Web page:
Acorn alumni to toast tech pioneer's 30th anniversary
Reunion bash planned
Some 400 staffers from that flag bearer of the 1980s UK home computing revolution, Acorn, are to gather next month to celebrate the 30th anniversary of the firm's foundation.
The original Acorn no longer exists, of course, but the company it ultimately evolved into, ARM, is hosting the gig, which will take place in Cambridge, near to the old company's one-time HQ.
Acorn the name wasn't coined until 1979 – the company was formed in 1978 as Cambridge Processor Unit (CPU).
Acorn founders Chris Curry and Hermann Hauser are expected to attend and join in a nostalgia-fest for 8-bit micros the Atom, BBC and Electron.
The Atom came first, the fifth machine developed by Acorn, but its first commercial success. The Atom led to the BBC signing Acorn in the early 1980s to produce a computer that would tie in with the Corporation's computer literacy initiative, and no small number of BBC Micro owners went on to achieve success in the IT field.
The BBC Micro: the machine that put Acorn on the map
Still, the Beeb was too pricey for some youngsters, and Acorn responded in 1983 with a cut-down version, the Electron.
Unfortunately, Acorn made too few Electrons to meet demand in the crucial Christmas 1983 sales period – although the BBC continued to be a runaway success. Learning from that experience, Curry and Hauser ensured plenty of Electrons were available for punters to buy in time for Christmas 1984. Alas, by then everyone who wanted a home computer had one and the market crashed, leaving Acorn deep in the red.
The following February, it was acquired by Italian office equipment maker Olivetti, which held a big stake in the firm until the late 1990s, when it morphed into Element 14. Nine years before, it had spun off ARM to focus on the Risc processor developed for the Archimedes, Acorn's BBC Micro successor. Element 14 would become the same kind of company: a creator of technology to be licensed to others.
A set-top box business, created in 1994, was sold to Pace after Element 14 was acquired by Morgan Stanley. Element 14 had a DSP business too, and that, along with the Element 14 name, was bought back off Morgan Stanley by the management. The following year it was swallowed up by Broadcom.
Ex-Acorn staffers keen to attend the reunion should visit Acorn Reunited for all the details.
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@ Mister Cheese
can't programme - but I did complete Citadel, which made full use of those colours in Mode 2, awesome stuff!
Such great times.
I had the great privilege of working at Acorn from early 1984 until late 1987 and, even though that time included the near-bankrupcy of the company and the Olivetti cash injection(s), it was still the best place I've ever worked. So many amazing memories and Hermann Hauser was a truly inspirational leader (the only person I've ever worked for that I can genuinely say that about).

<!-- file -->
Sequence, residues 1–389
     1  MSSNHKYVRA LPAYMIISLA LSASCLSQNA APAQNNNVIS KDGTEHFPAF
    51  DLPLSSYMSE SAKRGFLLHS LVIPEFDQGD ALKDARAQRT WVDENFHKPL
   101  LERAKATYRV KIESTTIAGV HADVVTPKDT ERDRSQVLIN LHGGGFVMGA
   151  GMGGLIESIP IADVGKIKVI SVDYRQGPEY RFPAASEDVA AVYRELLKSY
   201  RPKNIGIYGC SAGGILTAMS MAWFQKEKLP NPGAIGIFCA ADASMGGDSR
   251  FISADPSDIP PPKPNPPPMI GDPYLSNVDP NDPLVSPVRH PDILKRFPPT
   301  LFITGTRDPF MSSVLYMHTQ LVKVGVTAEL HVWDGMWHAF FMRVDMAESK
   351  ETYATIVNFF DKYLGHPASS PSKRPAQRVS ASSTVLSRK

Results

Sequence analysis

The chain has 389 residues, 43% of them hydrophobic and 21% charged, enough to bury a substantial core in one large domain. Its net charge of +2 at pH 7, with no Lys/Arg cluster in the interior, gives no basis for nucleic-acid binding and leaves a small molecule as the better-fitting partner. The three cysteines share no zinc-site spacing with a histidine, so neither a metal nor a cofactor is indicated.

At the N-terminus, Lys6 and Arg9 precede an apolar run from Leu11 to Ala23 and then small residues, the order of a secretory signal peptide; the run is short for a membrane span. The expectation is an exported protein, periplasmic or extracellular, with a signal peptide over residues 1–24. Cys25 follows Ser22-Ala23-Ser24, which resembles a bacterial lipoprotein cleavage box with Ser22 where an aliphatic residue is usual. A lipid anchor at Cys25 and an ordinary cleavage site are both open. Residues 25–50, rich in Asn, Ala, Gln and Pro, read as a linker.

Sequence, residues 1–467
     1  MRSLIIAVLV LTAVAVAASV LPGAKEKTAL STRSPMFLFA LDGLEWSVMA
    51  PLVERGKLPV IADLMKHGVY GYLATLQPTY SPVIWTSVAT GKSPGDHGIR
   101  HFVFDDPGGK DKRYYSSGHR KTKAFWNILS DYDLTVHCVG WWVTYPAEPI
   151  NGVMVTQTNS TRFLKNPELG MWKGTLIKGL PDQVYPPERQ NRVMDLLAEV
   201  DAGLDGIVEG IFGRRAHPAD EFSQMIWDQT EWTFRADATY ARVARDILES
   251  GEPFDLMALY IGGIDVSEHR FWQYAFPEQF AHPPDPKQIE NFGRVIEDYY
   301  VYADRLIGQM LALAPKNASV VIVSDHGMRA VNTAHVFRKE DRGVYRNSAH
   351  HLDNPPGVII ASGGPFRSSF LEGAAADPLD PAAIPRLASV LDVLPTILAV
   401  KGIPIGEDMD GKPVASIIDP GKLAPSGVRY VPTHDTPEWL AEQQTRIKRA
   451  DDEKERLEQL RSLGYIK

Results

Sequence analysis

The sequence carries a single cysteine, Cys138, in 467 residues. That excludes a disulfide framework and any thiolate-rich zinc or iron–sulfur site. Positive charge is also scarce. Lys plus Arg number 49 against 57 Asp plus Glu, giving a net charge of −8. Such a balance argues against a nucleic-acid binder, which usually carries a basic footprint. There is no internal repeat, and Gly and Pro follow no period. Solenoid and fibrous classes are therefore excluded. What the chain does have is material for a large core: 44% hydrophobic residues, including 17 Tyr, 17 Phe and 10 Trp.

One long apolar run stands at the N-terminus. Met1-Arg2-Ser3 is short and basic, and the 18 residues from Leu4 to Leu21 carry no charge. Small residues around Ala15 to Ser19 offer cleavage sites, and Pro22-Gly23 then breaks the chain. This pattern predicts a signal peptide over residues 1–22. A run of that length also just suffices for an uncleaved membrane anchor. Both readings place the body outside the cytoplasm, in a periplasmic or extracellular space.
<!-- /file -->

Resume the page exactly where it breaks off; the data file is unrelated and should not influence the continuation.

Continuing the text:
When I joined the company Acorn was still held up as the main player (along with Sinclair) in the "Silicon Fenn" phenomena, the UK/Cambridge's attempt to create a local equivalent to California's Silicon Valley. I remember being amazed at the number of TV crews that always seemed to be in the building to shoot interviews for various news items and documentaries, at least two a week for a while.
I've booked my ticket for the event and I know at least one person who is flying over from California especially to be there.
Not sure about your comment about the paged ROM area being faster.
The Beeb did use fast (for it's time) RAM, but I'm fairly certain that the ROM area was slowed down to 1MHz, while the processor clock was 2MHz (although this may only have been the early systems with the OS and Basic in EEPROM). The speed was required for the RAM, because the CPU and Display ULA had interleved access to the memory, so that both the display hardware and the processor could access the memory at (their) full speed without slowing down the other.
Where the memory was improved was by bank-switch the language ROM (8000-BFFF hex), and OS ROM (C000-FFFF) with the dispay. Acorn did this with the BBC B+, and Master 128 with the Shadow screen, but it introduced compatibillity problems with programs that did not use the OS routines for writing to the display. I think that Acorn copied the idea from either a Solidisk or Watford hardware add-on to the original Beeb.
But these systems never really reached the same popularity level as the original BBC B. Probably, it's time had just come. I still think that there needs to be an education system as accessible as the Beeb for our schools. PCs just do not engage the same degree of enthusiasm in kids or teachers.
My first exposure to Acorn was at college, which had a room full of Atoms.
Then I went on to a work experience course at the local BBC dealership.
I have owned 3 Acorns in a row:-
1: BBC B with Music 500 MIDI synthesizer
2: Archimedes A3010 with HDD mod
3: Risc PC StrongArm with SCSI 2x CD burner (The only way to burn on Acorn back then)
I still have the RiscPC, but the CD burner was sold on many moons ago.
Good Times, good times.
Tux, because that's how I roll these days.
Can't find a case made specifically to pretend to be a BBC B, but you might find this interesting, where someones taken an old BBC and turned it into a PC (Seems like a waste of a perfectly good Beeb to me)